Sunday 26 October 2014

Württemberg Leib Grenadier Regiment

This is a complicated regiment as it it did not exist for very long. In 1758, the Garde zu Fuß was twice reorganised. During the second reorganisation, late in 1758, the Garde zu Fuß retained two battalions while its other battalion gave birth to this regiment -the Leibgrenadierregiment which recruited other troops to bring its total force to 3 battalions.

In 1762 and 1763, two battalions were detached from the regiment to form independent grenadier battalions designated Hausgrenadierbataillon and Herzogsgrenadierbataillon. The Leibgrenadierregiment now counting a single battalion was renamed Leibgrenadierbataillon.

So what we see here is the two battalion regiment sometime between 1758-1762.

Another thing that is strange is that Kronoskaf, where these organizational details came from, says that the officers had gold button colour whereas the rank and file had silver despite their brass fronted mitres. Mitre colour always matches button colour so I think the button colour should be brass for all.

Sunday 19 October 2014

Freihusaren von Glasenapp

In 1759, von Glasenapp, who had been in Prussian service, offered his services to the duke of Württemberg who was trying to hire light troops. On February 27, 1760, they came to an agreement and he then raised a squadron of 158 hussars on his estate at Holtmuhl. The unit was disbanded on February 7 1761 when the duke of Württemberg retired from the war. Soon afterward, the entire unit entered Prussian service as Glasenapp light dragoons.

The flag is fictional as is the regularity of their uniforms. Kronoskaf says they were badly equipped and they don’t appear to have performed brilliantly in the war

Gorcy Hussars

This Wurttemberg Hussar regiment was first raised in 1735 with a one squadron strength and was known as the Leibhusarenschwadron. Then in 1758 a further three squadrons were raised and the new regiment was renamed Hussars von Gorcy under it’s new French Colonel Johan Baptist Gorcy de la Martiniere. Wurttemberg was getting large subsidies from France to increase it’s army so it’s not unreasonable to guess that Gorcy (who hailed from a village of the same name in Lorraine close to the Luxembourg border and probably spoke both French and German) raised these extra three squadrons from both Frenchmen and Wurttembergers.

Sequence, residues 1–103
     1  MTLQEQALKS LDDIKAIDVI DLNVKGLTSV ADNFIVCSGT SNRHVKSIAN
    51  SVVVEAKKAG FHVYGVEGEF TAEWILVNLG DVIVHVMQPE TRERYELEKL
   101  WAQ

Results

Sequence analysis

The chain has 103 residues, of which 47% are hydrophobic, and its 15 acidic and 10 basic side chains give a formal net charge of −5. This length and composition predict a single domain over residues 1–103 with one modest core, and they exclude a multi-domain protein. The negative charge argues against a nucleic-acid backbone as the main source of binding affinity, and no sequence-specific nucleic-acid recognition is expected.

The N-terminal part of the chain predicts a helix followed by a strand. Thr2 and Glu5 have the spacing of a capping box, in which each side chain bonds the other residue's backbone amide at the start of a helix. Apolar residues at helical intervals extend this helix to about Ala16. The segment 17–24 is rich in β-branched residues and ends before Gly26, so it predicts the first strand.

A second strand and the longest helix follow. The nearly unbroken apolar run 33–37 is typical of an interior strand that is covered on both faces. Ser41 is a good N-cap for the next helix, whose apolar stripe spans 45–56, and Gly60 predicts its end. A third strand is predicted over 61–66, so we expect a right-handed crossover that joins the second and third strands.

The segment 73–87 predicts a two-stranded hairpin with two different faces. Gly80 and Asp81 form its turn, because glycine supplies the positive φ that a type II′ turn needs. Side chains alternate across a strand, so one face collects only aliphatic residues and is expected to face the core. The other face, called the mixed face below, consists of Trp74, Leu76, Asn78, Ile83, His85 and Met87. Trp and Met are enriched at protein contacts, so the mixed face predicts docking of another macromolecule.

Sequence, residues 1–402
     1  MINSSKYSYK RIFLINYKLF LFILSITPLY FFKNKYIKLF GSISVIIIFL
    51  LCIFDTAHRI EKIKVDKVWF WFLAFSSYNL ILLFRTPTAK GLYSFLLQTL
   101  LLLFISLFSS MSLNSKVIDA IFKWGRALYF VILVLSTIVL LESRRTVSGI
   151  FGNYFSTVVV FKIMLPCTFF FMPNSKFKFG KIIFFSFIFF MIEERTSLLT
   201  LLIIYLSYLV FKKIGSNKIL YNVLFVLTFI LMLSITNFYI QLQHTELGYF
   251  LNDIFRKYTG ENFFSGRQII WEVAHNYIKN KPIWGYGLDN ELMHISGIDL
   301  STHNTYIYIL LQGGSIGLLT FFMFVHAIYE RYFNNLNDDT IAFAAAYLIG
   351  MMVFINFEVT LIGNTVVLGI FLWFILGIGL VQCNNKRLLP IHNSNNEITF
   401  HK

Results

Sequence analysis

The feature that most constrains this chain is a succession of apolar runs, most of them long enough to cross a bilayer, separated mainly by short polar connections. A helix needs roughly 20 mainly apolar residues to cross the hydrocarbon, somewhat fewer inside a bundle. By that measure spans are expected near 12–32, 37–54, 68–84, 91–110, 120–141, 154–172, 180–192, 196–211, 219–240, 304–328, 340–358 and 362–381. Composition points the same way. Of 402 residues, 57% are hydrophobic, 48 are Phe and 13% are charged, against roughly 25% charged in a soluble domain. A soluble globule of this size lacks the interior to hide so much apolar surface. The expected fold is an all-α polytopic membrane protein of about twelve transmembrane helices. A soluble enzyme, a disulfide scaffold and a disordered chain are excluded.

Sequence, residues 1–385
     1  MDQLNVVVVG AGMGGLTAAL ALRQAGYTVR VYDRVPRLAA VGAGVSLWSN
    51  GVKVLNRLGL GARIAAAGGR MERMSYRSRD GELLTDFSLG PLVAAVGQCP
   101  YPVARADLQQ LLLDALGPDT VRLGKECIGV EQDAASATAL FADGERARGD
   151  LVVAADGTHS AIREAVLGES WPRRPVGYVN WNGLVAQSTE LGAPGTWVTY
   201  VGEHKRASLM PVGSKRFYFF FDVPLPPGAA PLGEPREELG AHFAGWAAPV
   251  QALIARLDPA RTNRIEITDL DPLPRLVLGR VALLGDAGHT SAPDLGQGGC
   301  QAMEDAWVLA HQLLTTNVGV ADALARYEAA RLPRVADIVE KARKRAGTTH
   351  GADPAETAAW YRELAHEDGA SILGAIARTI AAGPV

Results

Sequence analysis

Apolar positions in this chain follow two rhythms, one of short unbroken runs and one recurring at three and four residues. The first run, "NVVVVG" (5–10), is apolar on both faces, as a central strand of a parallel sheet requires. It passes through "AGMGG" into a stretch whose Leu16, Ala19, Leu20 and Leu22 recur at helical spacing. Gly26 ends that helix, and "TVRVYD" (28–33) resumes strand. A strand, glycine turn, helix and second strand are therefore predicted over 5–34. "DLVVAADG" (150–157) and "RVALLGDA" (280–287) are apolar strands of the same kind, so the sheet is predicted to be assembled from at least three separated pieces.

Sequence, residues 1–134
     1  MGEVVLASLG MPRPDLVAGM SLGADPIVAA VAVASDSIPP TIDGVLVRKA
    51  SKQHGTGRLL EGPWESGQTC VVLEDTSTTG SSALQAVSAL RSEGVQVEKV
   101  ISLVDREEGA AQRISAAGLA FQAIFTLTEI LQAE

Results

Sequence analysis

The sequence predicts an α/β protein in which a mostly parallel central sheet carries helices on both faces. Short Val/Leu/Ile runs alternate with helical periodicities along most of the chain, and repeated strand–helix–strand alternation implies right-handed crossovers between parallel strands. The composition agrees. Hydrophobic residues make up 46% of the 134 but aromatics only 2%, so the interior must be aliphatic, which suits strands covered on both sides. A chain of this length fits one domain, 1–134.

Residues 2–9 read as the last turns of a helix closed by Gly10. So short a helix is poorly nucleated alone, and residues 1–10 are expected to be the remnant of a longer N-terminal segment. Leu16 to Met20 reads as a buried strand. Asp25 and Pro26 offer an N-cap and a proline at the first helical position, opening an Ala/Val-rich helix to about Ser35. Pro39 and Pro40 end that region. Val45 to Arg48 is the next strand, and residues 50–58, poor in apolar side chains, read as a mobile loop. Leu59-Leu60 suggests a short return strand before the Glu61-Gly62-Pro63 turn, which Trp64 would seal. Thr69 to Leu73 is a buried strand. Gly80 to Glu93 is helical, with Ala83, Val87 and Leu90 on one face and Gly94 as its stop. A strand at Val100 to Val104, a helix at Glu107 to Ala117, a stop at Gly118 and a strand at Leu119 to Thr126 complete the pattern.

I think the colour scheme of green and red makes this a very attractive looking unit. Also, I wanted to comment on painting cavalry as this is a harder job than it might look at first glance. I always try to put different horses on each base and also different poses of cavalrymen. So no two combinations are the same. This involves no small amount of planning so that also no two horse colours are next to each other! This applies to hussars and dragoons – with cuirassiers I don’t mind so much as I like them all on black horses and, preferably, standing poses.

Lastly, the flag is a fictional creation. These Hussars were never issued flags.

Sunday 12 October 2014

Luckner's Hussars

Back again after a long break. That's because I've moved to Thailand and I'm posting this from the beautiful tropical island of Koh Samui. I've rented a house here and will be spending part of the year here and part of it back in France. So the last few months have been spent moving painting stuff and looking for a place to live. This is a tourist island so if you are in the area, say hello.

Back to painting. This is the first unit painted under these sunny skies and I'm back on familiar ground with Luckner's Hussars, a unit I painted back in February 2009. Last time I used Eureka 28mm figures, this time I've used Foundry Hussars and I must say these are lovely figures, full of character, and a sense of movement. As usual with Foundry, there is quite a lot of flash on the horses but once that has been cleaned up, they paint up nicely. This uniform was, by the way, the later and more well-known uniform with white and red being the dominant colours – the earlier uniform is rarely illustrated and was green and red. On that posting back in 2009 there is also a useful biography of Luckner himself – a man who rose to become a Marshal of France and lost his head, literally, in the Revolution.

Next week, and for quite a few weeks thereafter, I will be embarking on a large project – the Wurttemberg army of the SYW.